Our definition of insecticide-treated net coverage was insecticide-treated net use during the previous night as reported by women, which has several limitations. Reported use might not be actual use, or use can be seasonal depending on the perceived nuisance of mosquitoes, and thus the time of survey can affect the rates obtained.128 Generally, information about source or the age of the net was not available from these national surveys; old nets need to be replaced, nets might have been discarded after the survey, and as such surveys can overestimate coverage. Conversely, new distribution campaigns after the survey could lead to an underestimate of use. Attainment and maintenance of high coverage of treated nets is challenging because of the complexity of logistics, the changing willingness to use nets, and the lifespan of the net.129,130 Immunisation campaigns have been effective at quickly reaching vulnerable populations,131 but campaigns alone will not be sufficient to expand and sustain coverage in response to the call for universal coverage.9,132,133 Although distribution of insecticide-treated nets to pregnant women through antenatal clinics is an attractive option, acquisition will depend on timing of the first antenatal visit, and might leave women unprotected in the susceptible first trimester.134
The first Roll Back Malaria Initiative guidelines126 for intermittent preventive treatment in vulnerable populations were vague and recommended the “proportion of women who received intermittent preventive treatment for malaria during their last pregnancy” in “women who delivered a live baby within the last 5 years” as the indicator, with no suggestion of number or source of doses. The revised Roll Back Malaria Initiative guidelines were more specific and recommended assessment of “two or more doses of a recommended antimalarial drug treatment during antenatal clinic visits to prevent malaria during their last pregnancy that led to a livebirth within the last 2 years”.127 With both these definitions, recall bias could be an issue. The only guidelines specifically developed by WHO for key indicators for malaria in pregnancy do not list intermittent preventive treatment in pregnancy as an indicator to be measured in household surveys.135 A uniform approach to measurement of progress in coverage of intermittent preventive treatment is needed, and although the revised guidelines provide greater clarity on what to measure, this is not yet common practice. However, correlation between the different indicators used in this report was good, and might temporarily help countries to make estimations of coverage of intermittent preventive treatment (webappendix pp 1–2). A larger gap between the two indicators can be expected in areas where the antenatal clinic is not the main source of sulfadoxine–pyrimethamine (eg, distribution by shops or health workers).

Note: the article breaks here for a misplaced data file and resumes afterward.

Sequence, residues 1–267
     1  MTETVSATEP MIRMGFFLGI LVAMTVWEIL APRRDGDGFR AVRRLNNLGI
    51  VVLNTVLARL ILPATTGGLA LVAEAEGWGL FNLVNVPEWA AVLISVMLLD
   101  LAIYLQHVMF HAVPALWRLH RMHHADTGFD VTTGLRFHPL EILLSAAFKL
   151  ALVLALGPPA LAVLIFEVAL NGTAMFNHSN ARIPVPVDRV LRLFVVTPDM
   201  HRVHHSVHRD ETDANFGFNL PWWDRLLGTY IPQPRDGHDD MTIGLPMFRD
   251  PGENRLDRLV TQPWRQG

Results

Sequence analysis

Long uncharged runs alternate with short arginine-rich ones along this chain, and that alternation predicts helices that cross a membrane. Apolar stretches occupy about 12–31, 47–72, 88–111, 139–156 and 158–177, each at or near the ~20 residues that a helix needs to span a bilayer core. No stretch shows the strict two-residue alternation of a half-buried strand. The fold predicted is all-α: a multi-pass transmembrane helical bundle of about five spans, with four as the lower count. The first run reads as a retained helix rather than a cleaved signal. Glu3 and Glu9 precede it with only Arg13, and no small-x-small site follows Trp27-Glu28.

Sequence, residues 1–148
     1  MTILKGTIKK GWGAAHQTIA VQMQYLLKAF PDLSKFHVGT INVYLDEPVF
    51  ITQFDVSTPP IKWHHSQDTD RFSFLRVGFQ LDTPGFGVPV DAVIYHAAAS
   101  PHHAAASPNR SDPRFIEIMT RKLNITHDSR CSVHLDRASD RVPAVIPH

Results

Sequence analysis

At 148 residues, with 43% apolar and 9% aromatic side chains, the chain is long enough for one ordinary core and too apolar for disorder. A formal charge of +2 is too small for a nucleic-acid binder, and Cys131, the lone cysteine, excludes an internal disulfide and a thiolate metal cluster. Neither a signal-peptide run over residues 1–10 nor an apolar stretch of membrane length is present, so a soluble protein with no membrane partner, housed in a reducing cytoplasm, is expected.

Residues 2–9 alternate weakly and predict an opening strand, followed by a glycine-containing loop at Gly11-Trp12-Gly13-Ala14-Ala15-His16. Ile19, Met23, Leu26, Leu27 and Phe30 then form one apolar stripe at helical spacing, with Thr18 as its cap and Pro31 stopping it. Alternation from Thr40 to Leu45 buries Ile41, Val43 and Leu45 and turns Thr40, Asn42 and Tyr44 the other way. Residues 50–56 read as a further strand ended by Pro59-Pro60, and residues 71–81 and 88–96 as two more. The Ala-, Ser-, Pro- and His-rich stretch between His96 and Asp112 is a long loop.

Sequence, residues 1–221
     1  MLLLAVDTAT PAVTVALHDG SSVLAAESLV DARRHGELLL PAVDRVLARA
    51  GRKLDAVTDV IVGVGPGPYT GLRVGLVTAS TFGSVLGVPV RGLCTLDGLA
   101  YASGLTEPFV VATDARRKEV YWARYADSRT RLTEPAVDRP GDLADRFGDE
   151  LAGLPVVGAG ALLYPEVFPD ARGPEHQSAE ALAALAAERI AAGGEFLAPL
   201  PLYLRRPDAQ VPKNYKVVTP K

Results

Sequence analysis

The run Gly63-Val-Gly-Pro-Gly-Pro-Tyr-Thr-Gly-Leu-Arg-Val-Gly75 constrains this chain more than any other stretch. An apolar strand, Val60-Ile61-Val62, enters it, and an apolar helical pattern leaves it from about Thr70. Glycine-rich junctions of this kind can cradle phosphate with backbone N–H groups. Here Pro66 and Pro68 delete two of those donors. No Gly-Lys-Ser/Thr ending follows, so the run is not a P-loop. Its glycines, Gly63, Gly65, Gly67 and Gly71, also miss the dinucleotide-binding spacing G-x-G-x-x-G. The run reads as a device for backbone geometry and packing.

Routine surveys focus on measurement of intervention-specific coverage indicators; there is no recognised or recommended combined indicator. The results from trials of combined interventions are not uniform, but use of both insecticide-treated nets and intermittent preventive treatment during pregnancy seems to be of benefit.136–139 Treated nets have the additional benefit of providing protection to the mother before, during, and after pregnancy, and potentially to infants.